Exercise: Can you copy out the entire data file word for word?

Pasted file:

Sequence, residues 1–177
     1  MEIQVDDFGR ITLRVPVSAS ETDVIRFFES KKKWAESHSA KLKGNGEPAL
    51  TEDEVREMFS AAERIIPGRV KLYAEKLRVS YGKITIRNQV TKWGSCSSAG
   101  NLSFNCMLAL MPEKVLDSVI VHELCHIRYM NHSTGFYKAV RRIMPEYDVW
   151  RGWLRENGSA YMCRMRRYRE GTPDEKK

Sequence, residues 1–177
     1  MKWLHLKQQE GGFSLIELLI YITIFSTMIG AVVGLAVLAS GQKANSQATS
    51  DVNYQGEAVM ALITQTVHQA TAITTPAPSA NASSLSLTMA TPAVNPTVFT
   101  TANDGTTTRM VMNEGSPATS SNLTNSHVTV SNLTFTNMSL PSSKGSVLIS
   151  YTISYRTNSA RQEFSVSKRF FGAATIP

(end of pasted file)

Sequence, residues 1–177
     1  MEIQVDDFGR ITLRVPVSAS ETDVIRFFES KKKWAESHSA KLKGNGEPAL
    51  TEDEVREMFS AAERIIPGRV KLYAEKLRVS YGKITIRNQV TKWGSCSSAG
   101  NLSFNCMLAL MPEKVLDSVI VHELCHIRYM NHSTGFYKAV RRIMPEYDVW
   151  RGWLRENGSA YMCRMRRYRE GTPDEKK

Sequence, residues 1–177
     1  MKWLHLKQQE GGFSLIELLI YITIFSTMIG AVVGLAVLAS GQKANSQATS
    51  DVNYQGEAVM ALITQTVHQA TAITTPAPSA NASSLSLTMA TPAVNPTVFT
   101  TANDGTTTRM VMNEGSPATS SNLTNSHVTV SNLTFTNMSL PSSKGSVLIS
   151  YTISYRTNSA RQEFSVSKRF FGAATIP